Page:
Thursday September 8th, 2011

When sailing close to shore it is important to keep an eye on the depth of the water. In the age of sailing ships this was done by dropping a line over the side of the ship with a lead weight fastened to the end. To swing the lead was considered an easy job and eventually became a term meaning one who is either avoiding hard work or taking and easy option. Hence in modern terms if you ‘swing the lead’ you are slacking off.
Comments (3)
09/01/2024 @ 10:02 am
Stephen Willis
The "chains" of the ship is just a reference to the bow, where the anchor chains were found. The sailor on the lead duty was stationed there and threw the lead forward of the ship, counted the knotted markers on the rope as it slipped through their fingers, and when the line was vertical reported the depth. I don't think your great uncle was doing some sort of exercise on chains. I think he was actually measuring the depth of the water using lead and line. Can be fairly vigorous exercise depending on how often you throw the lead (and how deep the water is), and sailors on this duty were given extra clothing because it was potentially wet work. I think the lead would still be in use in 1914 as a reliable way to measure depth. I don't think acoustic methods were particularly accurate at that time, and certainly would not be directional so the ping sound would be a dead giveaway to a nearby submarine that something high tech (for the time) was nearby.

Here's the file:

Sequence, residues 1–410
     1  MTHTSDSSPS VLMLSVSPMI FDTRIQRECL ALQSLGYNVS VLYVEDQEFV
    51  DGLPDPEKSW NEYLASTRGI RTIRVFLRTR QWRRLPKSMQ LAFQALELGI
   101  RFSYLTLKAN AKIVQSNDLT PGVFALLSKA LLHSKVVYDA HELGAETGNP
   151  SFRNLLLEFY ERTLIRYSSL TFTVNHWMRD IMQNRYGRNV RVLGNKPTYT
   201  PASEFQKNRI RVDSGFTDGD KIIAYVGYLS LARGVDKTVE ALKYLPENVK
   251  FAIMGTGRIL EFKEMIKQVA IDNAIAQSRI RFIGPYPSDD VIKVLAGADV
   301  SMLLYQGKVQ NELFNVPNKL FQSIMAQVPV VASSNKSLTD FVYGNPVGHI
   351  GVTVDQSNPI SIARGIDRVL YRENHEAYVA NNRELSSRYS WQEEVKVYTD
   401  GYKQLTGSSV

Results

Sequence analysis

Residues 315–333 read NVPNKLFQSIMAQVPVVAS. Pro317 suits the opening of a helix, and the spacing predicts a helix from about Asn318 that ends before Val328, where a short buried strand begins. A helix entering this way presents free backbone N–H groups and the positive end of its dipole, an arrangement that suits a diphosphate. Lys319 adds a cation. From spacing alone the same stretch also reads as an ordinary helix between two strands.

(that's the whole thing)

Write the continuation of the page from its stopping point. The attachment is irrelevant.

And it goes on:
01/04/2022 @ 1:20 pm
Swinging the lead origin
Thanks Peta, thats a great alternative.
01/04/2022 @ 8:56 am
Peta Bradley
I have been reading my Great Uncle's life story, he was a sailor on board H.M.S. Gloucester , he has written another explanation for the phrase 'Swinging the lead '. He had written this 'I remember Christmas Day 1914, I had been in the chains swinging the lead because I was that cold.' So I wonder if the phrase may not only be used for laziness but because the sailors when they were on board ship used the chains on the ship to make themselves warm by swinging on them and called that swinging the lead.
Peta Bradley
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